When I was in Morocco last year, my wife and I met an old Moroccan woman on a train. We quickly became friends and she asked us to come stay with her for a few days.
If we hadn’t been on a tight schedule to get to the Sahara, we would have gone. Some of my greatest travel experiences have happened when I took time to meet the people. In several cases, I’ve started friendships that have remained to this day.
It’s not always easy to meet locals though. There is something about reaching out to someone you don’t know and starting a conversation that can make you feel uncomfortable.
But there are some things you can do to get over this uncomfortableness.
The first thing to do is be someone who is willing to start conversations with strangers.
Believe me, it’s not always easy. I’m naturally an introvert so I know how hard it can be.
There are some easy things you can do to get started:
• Engage in eye contact
• Be friendly
• Say hi or nod to other people
These are all great ways to get into a friendly mindset; it will make you more sociable.
Getting Into the Right Mindset
I think part of the problem with meeting locals is simply that you’re in another country far away from home surrounded by people you don’t know. So instead of being in a friendly mode, it’s more natural to be cautious.
And a big part of being cautious is being careful around strangers.
It’s natural to be concerned about safety while traveling, but if you want to meet locals, you have to show a little trust. Not everyone is out to do you harm. People are generally friendly all over the world.
I like to take an approach called “cautious friendliness”. I’m friendly enough to talk to new people, but careful enough to watch out for danger or scams.
When I was in Morocco, I met a local while walking along the shore. We became friends quickly and he took me to his home and to some food stalls I would never have found on my own.
But I didn’t just blindly follow this guy around. I made sure to be careful around him. If I had sensed that he was dangerous, I would have walked away.
Yet my fear was unfounded. All he wanted to do was be friends. It was an amazing experience I would not have had if I hadn’t turned that caution into friendliness.
To be honest, there are many people who are friendly just to get money or sell you something, but there are also many people who are just trying to meet you because they’re simply curious about you.
Most aren’t out to do you any physical harm.
Be Open and Learn About the People
You should be curious about the local people too. Learn some of the language before you go to the country and use it as often as you can.
It doesn’t matter if you butcher the language, they’ll usually be flattered that you tried.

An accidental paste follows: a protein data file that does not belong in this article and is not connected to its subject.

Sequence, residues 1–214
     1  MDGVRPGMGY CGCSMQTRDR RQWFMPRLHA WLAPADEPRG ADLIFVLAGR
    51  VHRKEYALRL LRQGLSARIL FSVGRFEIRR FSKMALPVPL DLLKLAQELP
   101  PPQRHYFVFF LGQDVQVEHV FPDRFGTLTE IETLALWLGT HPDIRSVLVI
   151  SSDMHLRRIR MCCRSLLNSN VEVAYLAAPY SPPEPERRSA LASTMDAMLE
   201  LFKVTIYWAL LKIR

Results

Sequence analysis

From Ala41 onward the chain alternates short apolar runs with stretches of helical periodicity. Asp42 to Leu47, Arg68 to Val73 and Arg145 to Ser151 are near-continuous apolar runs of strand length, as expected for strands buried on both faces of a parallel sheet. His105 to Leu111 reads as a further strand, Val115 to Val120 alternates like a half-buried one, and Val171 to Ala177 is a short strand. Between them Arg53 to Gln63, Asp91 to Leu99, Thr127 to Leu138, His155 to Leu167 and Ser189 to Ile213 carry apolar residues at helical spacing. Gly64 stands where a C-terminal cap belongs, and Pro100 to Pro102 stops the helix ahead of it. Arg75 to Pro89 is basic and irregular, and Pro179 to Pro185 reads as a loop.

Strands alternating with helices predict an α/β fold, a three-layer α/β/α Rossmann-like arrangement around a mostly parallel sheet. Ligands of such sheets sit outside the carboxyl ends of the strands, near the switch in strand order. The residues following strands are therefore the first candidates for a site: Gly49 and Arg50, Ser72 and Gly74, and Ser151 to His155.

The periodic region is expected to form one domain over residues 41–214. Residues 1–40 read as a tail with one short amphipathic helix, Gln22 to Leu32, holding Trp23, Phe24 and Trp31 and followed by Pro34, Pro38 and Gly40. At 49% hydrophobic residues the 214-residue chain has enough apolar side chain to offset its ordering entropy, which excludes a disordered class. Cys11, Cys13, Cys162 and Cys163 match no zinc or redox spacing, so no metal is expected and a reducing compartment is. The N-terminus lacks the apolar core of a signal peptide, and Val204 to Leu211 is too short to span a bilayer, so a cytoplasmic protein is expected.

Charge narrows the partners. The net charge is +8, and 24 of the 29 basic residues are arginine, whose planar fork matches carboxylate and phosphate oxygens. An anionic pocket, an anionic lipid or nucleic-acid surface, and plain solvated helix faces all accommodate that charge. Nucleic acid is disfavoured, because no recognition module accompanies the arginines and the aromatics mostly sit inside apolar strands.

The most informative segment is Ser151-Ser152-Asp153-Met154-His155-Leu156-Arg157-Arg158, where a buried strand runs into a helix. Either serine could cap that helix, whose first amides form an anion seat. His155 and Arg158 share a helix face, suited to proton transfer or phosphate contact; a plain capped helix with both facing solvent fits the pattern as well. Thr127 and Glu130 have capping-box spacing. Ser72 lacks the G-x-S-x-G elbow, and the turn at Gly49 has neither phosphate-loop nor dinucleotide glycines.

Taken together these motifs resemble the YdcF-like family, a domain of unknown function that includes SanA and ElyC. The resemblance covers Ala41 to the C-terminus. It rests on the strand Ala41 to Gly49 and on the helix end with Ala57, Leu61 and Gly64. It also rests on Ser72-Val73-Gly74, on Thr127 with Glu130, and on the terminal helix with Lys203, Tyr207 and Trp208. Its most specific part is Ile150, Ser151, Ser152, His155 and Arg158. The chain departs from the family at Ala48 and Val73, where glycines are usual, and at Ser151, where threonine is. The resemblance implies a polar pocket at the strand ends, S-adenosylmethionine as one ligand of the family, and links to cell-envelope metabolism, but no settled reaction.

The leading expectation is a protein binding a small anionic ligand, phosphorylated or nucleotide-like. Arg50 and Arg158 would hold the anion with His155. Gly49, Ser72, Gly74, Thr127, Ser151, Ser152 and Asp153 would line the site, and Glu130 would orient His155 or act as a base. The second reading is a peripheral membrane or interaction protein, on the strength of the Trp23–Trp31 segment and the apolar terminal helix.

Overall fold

When I was in France, I tried to speak French as much as possible. There’s a stereotype that French people are rude and hate Americans, but that wasn’t my experience at all.
Most were pleased that I tried to use French with them. It was obvious that I had some trouble, but people were really friendly and were happy to help out.
Also make sure to get to know the people you want to meet. What are they like? What should you know about them?
I did this before going to Morocco. I learned that Moroccans are known for their friendliness and hospitality. In some instances, they’ll invite you into their homes – that’s exactly what happened to me.
Other countries will be different. In Ireland it was easy to meet locals for other reasons. At night you just needed to head to the local pub – they’d often come to you and start conversations.
Learn Where to Go
I sometimes hear other travelers say they have a hard time meeting locals when traveling. But usually it’s because I see them all making the same mistakes.
They stay in their hostels or hang out in Western bars. They don’t go out of the backpacking areas of the city. I remember meeting a traveler on Khao San Road who had been there for a couple of weeks, but didn’t know why he didn’t interact with locals more.
These travelers don’t meet locals because they don’t go to where the locals are.
Here are some easy things to do:
1. Go couchsurfing – you’ll at least meet the person who’s hosting you. They might even introduce you to some people they know.
2. Ask directions – this is especially great if you attempt the local language. You’d be surprised how often looking for something has turned into a great conversation.
3. Get out of the hostel – it’s great to meet other travelers, but that shouldn’t be a substitute for meeting locals. Locals don’t often go to hostels.
4. Ask around – other travelers might know of some cool places to go. Ask guides or the owners of the hostel where to go. They’ll know of some cool places locals frequent.
Sometimes it’s just a matter of luck. When I was in Dalat, Vietnam, I was on the back of a motorbike heading across the city. It started to rain and the driver pulled over to the side of the road to wait it out.
So we pulled up to a café that was so unused to travelers that I was stared at when I walked in. Yet in that time, I got to meet the owners and everyone else who was inside.
It was an incredible moment when I truly feel like I got to know the local people. It’s for reasons like this that I love traveling.
photo credit: Piero Fissore